Kunstkamera: News from Around the Web
1. Patagonian Monsters. A new website run by Argentina-based Austin Whittall is a wealth of sharp analyses of human genetic variation from an intellectual point of view that’s close to out-of-America II. Whittall is critical of the mainstream interpretations of human genetic variation and explores the possibility of an early peopling of the Americas by Neandertals and /or Homo erectus and a back migration from America to Asia (here and here). The blog’s name is the reverse from the objective, formal and dispassionate content that the professional engineer Whittall produces when he submits mainstream academic publications dealing with human origins to razor-sharp critique. According to some forum chatter, it’s confusing to readers and scares off those who are too impatient to peel off an onion. Of special interest are Whittall’s reading of publications tackling global variation in “niche” genetic and biological systems that fall outside of the “usual suspects” such as mtDNA, Y-DNA and autosomes. Among the biological/genetic systems that Whittall has audited and adduced in support for an early peopling of the Americas (and sometimes an out-of-America scenario) and “special affinity” between Amerindians and Eurasian hominins are Tuberculosis (here and here), Syphilis (here and here), DXS225 locus on X chromosome (here), miR941 gene (here), Helicobacter pylori bacteria (here and here), MAPT gene (here), ADH and ALDH enzymes (here), IBD on chromosome 1 (here), lipid catabolism (here), HLA (here) and others. Critical review of general inferences from genetic data can be found here, here, here and here (the latter two on the infamous “molecular clock”). I welcome Whittall’s writings and have to admit that the command of population genetics showed by a “randomly picked” engineer with a passion for Patagonian nature and antiquities seems to be more sophisticated and worldly than the pop genetic prose by such “geneticists-in-training” as Razib “Cat Lady” Khan.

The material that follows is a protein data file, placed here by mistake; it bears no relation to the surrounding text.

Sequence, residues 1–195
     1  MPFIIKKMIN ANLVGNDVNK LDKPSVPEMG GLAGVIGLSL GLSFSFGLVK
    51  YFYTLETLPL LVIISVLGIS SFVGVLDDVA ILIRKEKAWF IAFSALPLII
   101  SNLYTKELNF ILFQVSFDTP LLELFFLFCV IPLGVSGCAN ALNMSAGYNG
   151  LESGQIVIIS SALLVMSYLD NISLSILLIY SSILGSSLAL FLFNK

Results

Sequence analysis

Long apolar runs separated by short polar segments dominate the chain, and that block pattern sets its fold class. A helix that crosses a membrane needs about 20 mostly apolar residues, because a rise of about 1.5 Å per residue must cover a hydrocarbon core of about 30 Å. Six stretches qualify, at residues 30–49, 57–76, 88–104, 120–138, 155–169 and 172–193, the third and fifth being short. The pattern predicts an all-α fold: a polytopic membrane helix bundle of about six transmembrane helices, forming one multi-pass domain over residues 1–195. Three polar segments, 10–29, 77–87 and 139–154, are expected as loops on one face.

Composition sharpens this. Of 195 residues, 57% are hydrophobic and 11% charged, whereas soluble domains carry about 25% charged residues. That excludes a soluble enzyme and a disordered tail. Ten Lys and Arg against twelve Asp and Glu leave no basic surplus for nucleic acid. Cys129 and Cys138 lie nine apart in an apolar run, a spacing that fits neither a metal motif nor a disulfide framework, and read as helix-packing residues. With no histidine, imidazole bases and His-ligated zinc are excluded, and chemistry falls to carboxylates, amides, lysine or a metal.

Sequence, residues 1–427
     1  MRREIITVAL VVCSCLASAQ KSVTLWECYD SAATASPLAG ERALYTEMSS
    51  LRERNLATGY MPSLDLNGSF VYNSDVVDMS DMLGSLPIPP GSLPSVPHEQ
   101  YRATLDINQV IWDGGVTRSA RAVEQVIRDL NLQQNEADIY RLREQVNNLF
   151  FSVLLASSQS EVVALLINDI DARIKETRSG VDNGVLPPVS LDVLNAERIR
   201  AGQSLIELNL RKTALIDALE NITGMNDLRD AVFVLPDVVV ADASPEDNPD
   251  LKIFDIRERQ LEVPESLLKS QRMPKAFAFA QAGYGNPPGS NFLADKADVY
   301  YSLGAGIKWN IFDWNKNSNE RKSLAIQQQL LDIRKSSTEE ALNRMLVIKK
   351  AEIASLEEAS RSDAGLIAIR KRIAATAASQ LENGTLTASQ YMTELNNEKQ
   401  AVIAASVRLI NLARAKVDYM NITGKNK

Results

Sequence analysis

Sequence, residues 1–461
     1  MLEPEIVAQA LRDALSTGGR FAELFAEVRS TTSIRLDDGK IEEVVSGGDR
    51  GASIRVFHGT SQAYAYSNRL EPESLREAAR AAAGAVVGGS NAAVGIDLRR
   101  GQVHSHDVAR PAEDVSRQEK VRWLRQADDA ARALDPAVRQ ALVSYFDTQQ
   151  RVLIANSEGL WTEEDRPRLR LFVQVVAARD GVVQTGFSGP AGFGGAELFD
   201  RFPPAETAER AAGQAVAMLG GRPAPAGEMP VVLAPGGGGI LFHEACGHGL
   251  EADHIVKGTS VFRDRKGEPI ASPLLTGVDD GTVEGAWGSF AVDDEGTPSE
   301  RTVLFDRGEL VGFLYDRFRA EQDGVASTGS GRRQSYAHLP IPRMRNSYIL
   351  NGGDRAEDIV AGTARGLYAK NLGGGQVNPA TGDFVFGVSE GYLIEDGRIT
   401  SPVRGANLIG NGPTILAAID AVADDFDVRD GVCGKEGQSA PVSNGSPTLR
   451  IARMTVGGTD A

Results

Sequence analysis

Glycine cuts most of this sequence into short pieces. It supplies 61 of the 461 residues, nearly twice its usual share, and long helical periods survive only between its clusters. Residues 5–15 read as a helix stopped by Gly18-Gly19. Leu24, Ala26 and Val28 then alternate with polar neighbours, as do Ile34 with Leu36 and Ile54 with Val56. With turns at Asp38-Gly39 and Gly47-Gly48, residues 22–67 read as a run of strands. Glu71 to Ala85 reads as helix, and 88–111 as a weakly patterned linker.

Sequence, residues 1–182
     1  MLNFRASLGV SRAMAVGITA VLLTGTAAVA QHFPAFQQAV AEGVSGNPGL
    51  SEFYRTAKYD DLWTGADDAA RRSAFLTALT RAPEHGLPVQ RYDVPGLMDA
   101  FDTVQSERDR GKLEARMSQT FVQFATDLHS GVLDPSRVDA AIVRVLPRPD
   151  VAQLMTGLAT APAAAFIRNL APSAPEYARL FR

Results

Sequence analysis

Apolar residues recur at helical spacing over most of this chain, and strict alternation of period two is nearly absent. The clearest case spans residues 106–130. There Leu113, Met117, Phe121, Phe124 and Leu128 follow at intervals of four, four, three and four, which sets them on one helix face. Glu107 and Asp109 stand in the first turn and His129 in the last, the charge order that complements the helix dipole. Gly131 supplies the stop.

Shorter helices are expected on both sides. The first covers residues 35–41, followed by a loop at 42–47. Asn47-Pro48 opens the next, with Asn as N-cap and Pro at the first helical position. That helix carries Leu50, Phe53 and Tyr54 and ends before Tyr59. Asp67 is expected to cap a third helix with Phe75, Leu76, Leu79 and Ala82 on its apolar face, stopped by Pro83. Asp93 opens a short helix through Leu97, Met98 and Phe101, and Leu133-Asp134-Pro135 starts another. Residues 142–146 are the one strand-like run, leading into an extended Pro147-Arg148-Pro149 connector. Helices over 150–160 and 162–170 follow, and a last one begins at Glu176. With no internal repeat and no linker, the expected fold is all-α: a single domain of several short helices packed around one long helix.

2. A new “kid on the genome block(g)” is Alexander Kim, Staff Scientist at the David Reich’s Lab at Harvard, who started a website called Sarkoboros. As it is typical of academia-locked bloggers, Sarkoboros will unlikely advance novel interpretations, offer rarely tackled types of data or entertain the reader with wild debates in the Comments sections, but it will surely furnish him or her with a random collection of uncontroversial points of view, sectarian erudition and cavalier armchair “slam dunks” against misguided dissenters. Sarkoboros’s blogroll (see on the left) features the usual comfort food menu including such fattening or even stale items as GNXP and West Hunter (customer service is pretty bad at those joints, too). Sarkoboros’s Origins theme is clearly borrowed from Anthropogenesis, which makes for a better compliment than a place on a blogroll. Just like John Hawks, Alexander Kim has a travelogue, which is apparently becoming a signature cost-of-entry for celebrity academics. I travel around the world therefore I am a world-famous academic. Just kidding! It’s good to have Sarkoboros around!